Special counsel Robert Mueller's investigation was star-crossed from the start. His friend and successor as FBI director, James Comey, by his own admission prompted the investigation -- with the deliberate leaking of classified memos about his conversations with President Donald Trump to the press.
Mueller then unnecessarily stocked his team with what the press called his "dream team" of mostly Democratic partisans. One had defended a Hillary Clinton employee. Another had defended the Clinton Foundation.
Mueller did not at first announce to the press why he had dismissed Trump-hating FBI operatives Lisa Page and Peter Strozk from his investigative team. Instead, he staggered their departures to leave the impression they were routine reassignments.
But Mueller's greatest problem was his original mandate to discover whether Trump colluded with the Russians in 2016 to tilt the election in his favor.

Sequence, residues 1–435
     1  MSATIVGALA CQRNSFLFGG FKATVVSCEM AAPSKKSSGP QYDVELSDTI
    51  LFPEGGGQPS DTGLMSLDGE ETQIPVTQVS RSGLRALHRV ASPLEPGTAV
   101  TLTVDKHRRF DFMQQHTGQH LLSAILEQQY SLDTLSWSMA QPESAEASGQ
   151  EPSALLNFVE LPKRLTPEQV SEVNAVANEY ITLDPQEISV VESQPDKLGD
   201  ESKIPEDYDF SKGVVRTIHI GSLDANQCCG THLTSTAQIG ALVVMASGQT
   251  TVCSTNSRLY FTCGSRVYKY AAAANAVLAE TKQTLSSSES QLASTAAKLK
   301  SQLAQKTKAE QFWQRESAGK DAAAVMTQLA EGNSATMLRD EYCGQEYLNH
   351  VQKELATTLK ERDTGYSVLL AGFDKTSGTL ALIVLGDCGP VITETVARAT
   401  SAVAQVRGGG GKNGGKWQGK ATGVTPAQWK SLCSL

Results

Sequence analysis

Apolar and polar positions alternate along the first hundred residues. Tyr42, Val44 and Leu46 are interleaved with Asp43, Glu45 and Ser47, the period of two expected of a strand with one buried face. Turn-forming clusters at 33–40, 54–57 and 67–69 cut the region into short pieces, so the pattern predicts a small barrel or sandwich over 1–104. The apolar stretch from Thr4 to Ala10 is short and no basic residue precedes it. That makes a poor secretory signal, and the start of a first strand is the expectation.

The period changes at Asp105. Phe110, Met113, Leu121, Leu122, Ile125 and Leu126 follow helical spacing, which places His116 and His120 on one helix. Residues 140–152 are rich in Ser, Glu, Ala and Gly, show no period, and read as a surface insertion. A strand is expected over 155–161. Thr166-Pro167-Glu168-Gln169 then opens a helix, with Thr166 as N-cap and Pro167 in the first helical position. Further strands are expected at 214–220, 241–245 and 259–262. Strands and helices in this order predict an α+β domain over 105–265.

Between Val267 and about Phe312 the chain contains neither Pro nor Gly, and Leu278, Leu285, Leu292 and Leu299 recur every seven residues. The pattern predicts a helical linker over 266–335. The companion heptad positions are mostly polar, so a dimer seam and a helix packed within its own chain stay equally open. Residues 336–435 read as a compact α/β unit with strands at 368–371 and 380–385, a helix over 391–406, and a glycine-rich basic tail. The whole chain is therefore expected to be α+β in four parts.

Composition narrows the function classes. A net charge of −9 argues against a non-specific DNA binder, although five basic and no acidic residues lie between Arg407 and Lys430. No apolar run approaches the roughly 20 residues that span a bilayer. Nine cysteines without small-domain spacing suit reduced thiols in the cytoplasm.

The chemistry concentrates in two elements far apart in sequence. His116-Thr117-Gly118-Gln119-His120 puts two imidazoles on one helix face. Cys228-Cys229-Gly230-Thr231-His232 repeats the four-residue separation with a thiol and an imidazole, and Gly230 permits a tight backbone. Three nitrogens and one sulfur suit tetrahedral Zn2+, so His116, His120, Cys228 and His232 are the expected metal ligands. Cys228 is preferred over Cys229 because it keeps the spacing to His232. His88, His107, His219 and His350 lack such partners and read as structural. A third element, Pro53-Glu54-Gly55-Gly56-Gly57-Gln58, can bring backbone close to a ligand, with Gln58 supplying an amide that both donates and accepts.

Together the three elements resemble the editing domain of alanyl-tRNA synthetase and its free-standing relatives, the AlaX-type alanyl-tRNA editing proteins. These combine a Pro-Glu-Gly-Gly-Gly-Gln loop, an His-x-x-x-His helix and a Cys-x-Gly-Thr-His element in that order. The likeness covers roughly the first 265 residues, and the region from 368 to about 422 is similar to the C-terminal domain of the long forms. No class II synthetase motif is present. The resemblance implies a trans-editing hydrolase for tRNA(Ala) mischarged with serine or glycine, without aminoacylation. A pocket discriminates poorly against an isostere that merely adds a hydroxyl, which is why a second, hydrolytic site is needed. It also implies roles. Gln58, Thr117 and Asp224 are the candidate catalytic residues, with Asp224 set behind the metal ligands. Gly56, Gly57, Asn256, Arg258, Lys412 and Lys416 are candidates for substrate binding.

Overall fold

After 15 months, Mueller has indicted a number of Trump associates, but on charges having nothing to do with Russian collusion. They faced inordinately long prison sentences unless they "flipped" and testified against Trump.
We are left with the impression that Mueller cannot find much to do with his original mandate of unearthing Russian collusion, but he still thinks Trump is guilty of something.
In other words, Mueller has reversed the proper order of jurisprudence.
Instead of presuming Trump innocent unless he finds evidence of Russian collusion, Mueller started with the assumption that the reckless raconteur Trump surely must be guilty of some lawbreaking. Thus, it is Mueller's job to hunt for past crimes to prove it.